Washington, Sept. 20 (ANI): A new study has suggested that the explosion of animal life on Earth around 520 million years ago took place because of a combination of interlinked factors rather than a single underlying cause.
Professor Paul Smith of Oxford University and Professor David Harper of Durham University and a team of scientists have spent four years working on data from a site in northernmost Greenland, facing the Arctic Ocean.
The site, at Siriuspasset, is located at 83 degree N, just 500 miles from the North Pole in a remote part of north Greenland. Although logistically very difficult to reach, Siriuspasset attracted the team because of the high quality of its fossil material and the insights it provides.
Lead author Professor Smith said that this is a period of time that has attracted a lot of attention because it is when animals appear very abruptly in the fossil record, and in great diversity.
He said that out of this event came nearly all of the major groups of animals that are recognised today.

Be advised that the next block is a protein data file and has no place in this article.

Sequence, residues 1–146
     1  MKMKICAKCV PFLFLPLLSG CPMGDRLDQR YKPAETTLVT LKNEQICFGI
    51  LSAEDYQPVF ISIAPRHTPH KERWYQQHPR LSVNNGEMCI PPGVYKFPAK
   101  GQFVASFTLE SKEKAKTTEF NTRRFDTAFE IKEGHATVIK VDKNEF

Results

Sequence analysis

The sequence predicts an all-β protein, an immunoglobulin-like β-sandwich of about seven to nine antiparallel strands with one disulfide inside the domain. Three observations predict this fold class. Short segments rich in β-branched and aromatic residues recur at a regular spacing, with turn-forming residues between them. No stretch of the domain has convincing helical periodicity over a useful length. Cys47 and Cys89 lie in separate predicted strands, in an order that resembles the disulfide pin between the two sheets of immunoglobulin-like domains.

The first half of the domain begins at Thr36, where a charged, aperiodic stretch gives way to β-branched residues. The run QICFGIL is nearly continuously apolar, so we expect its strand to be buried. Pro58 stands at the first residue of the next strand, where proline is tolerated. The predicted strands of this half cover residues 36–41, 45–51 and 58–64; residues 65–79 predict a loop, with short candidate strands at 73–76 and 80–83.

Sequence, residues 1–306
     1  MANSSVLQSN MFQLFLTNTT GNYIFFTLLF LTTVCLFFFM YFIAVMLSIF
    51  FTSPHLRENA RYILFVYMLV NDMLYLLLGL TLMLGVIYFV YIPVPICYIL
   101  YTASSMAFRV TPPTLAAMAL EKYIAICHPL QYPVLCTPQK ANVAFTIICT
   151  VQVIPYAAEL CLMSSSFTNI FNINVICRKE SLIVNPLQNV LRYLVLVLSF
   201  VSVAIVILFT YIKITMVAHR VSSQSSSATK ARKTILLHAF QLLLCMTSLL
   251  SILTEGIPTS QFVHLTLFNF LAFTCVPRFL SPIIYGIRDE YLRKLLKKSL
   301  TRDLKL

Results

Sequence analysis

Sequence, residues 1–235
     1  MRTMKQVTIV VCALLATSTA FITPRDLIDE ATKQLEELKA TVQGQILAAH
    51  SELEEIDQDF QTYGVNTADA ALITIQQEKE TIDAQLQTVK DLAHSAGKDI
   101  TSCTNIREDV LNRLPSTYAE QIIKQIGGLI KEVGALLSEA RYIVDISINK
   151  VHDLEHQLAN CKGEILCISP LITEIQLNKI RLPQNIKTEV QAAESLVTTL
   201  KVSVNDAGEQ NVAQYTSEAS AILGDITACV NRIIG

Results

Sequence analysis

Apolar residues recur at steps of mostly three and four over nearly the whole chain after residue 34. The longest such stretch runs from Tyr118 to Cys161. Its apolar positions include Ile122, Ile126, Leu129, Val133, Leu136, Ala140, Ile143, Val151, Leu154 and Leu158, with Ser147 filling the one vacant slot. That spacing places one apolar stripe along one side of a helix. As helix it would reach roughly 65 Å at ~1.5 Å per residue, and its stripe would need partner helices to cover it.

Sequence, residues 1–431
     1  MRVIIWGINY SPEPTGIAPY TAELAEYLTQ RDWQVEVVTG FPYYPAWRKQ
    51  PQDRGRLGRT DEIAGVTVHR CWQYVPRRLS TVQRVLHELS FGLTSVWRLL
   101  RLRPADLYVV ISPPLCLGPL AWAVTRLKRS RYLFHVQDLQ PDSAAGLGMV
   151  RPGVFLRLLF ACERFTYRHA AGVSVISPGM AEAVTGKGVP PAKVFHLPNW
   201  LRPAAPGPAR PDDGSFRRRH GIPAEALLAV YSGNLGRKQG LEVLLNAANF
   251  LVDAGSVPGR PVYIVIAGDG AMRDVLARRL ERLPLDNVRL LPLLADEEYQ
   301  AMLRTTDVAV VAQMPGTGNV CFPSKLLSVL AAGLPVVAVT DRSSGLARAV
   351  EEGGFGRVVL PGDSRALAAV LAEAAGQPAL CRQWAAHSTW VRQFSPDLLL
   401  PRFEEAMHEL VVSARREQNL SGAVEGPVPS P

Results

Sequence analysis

Described by the researchers as a 'cascade of events', the interacting causes behind the explosion in animal life are likely to have begun with an early Cambrian sea level rise.
Professor Harper, Professor of Palaeontology in the Department of Earth Sciences at Durham University, said that it would be naive to think that any one cause ignited this phenomenal explosion of animal life.
He said that rather, a chain reaction involving a number of biological and geological drivers kicked into gear, escalating the planet's diversity during a relatively short interval of deep time.
Harper added that the Cambrian Explosion set the scene for much of the subsequent marine life that built on cascading and nested feedback loops, linking the organisms and their environment that first developed some 520 million years ago.
The findings have been published in the journal Science. (ANI)